7. Don’t gossip or speak ill of others.
This is Nicer Person 101. Genuinely nice people don’t gossip or spread unkind rumors about other people. They also don’t go around asking pointed questions about someone else to get others talking and making snap judgments.
You’ve heard the saying, “If you can’t say something nice, don’t say anything at all.” It applies here. So does the Golden Rule: “Treat others as you want to be treated.”
The same goes for pranks and jokes at someone else’s expense. If you wouldn’t appreciate it as someone on the receiving end, don’t do it — no matter how funny it sounds to you.
8. Show gratitude.
Genuinely nice people tend to express more gratitude for the blessings they enjoy — whether it’s the beautiful day, the great food, the helpful waitstaff, or the fascinating project they get to work on.
They also make a point of thanking others for their time, attention, invitations, thoughtful gifts, etc. Some go all out and make handcrafted thank-you notes for everything. Others are quick to send a thank you by email, sticky note, or text message.
Match the thank you gesture to the thing you’re thankful for. If someone saved your life, you might do more than leave a sticky note on their computer screen. But buying someone a car because they bought you a coffee might be overkill.
9. Show thoughtfulness.
Nothing says, “I’ve already forgotten why I’m talking to you, random person,” like forgetting someone’s name when they’ve just given it to you.
Granted, we all have moments when something going on in our heads prevents us from paying enough attention to process and retain the name of the person we’re talking to.
But there are ways to help ourselves remember those names, and if you’re committed to being a nicer person, it makes sense to do what you can.
Also, if it’s appropriate, use friendly gestures that show interest and even affection, if there are grounds for that. Give hugs or shoulder touches if you know the other person appreciates them; otherwise, don’t.
Show an appropriate and genuine degree of interest and friendly warmth.
10. Be authentic.
And finally, be the real you – only nicer. Being mean isn’t in anyone’s DNA, and being miserable is no one’s life purpose.
Be the person you want to be and know yourself capable of being. And treat others as though they’re already the best versions of themselves.
There’s nothing fake about genuine niceness, and people can often sense fake niceness from a mile off.
You don’t have to be cheerful all the time or to pretend everything is awesome. Just be real with people, and treat them the way you want to be treated.
So, be your authentic self, but read the room, and look for ways to brighten someone’s day. And if someone criticizes you, know your worth, so you can respond with humility and grace.
11. Be encouraging.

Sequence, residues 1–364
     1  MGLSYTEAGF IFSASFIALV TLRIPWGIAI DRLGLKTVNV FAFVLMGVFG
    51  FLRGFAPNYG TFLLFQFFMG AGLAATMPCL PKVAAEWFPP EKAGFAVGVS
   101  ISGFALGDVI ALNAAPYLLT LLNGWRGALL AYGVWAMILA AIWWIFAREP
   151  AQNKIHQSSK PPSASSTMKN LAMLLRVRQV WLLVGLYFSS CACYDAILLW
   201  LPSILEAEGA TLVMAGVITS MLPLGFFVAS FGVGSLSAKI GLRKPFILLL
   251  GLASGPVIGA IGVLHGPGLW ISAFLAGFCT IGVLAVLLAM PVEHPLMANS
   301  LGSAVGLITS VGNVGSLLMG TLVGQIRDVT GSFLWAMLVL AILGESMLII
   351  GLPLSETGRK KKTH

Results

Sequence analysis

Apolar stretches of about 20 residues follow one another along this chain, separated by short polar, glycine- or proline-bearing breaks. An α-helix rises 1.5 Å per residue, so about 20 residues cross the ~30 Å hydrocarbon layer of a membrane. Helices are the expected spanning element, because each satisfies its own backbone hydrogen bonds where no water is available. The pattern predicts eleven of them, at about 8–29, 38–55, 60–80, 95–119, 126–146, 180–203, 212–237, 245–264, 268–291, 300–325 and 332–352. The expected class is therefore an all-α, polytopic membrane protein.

One of the most gracious ways to be a nicer person is by encouraging someone else. It’s easy to focus on ourselves and our own problems or goals.
But when you genuinely want someone else to succeed or get through a difficult time, you reveal a level of emotional intelligence not all people possess.
Make it a point to build up those who feel down or insecure. Give them a reason for hope or a positive word to boost their self-esteem. If you have a friend or co-worker trying to reach a goal or finish a project, an encouraging word can be just the impetus this person needs to press on.
12. Offer advice only when asked.
If you want to be a nicer person, don’t offer unsolicited advice — even when you know your advice would be helpful.
Most people don’t like being told what to do and how to run their lives. They feel empowered when they can figure out solutions and make decisions on their own. And they will learn by their mistakes.
You can impact others more by setting an example with your own choices and behaviors. And if you are asked for advice, offer it gently without making the other person feel small or stupid.
13. Smile more.
Your sincere smile will immediately communicate that you are approachable, kind, and easy to be around. Smiling makes you more attractive to others, and they will immediately be drawn to you.
When you put on a smile, you’ll notice people respond more positively to you in all situations.
Smiling releases endorphins and other natural mood elevating chemicals so that you feel happier and therefore more available to be nice to those around you.
14. Be compassionate.
When you’re able to relate to the suffering of others and desire to relieve their suffering, the recipients of your compassion will view you as a kind and caring person. So will those who witness your behavior.
Compassion is a powerful trait that reveals you aren’t being nice just for the sake of appearances. You really care about those around you and want to help them.
Has this article helped you understand how to be a genuinely nice person? Have we succeeded in shredding the idea that “niceness is fake”?
You know when someone is being “fake nice” to you, but that doesn’t mean being nice is just for superficial people.
You can (and should) be nice and be an authentic person. In fact, being a nicer person makes it easier to be your true self. It also makes it more rewarding.
Take some time today to practice one or more of the steps to becoming a nicer person, and look for some way to brighten another person’s day.
It could be something as simple and brief as a genuine smile, or it could be brewing a fresh pot of coffee when you see the empty carafe.
Be your nicer self today, and keep working at it until it becomes second nature. And may your thoughtfulness and authenticity influence everything else you do today.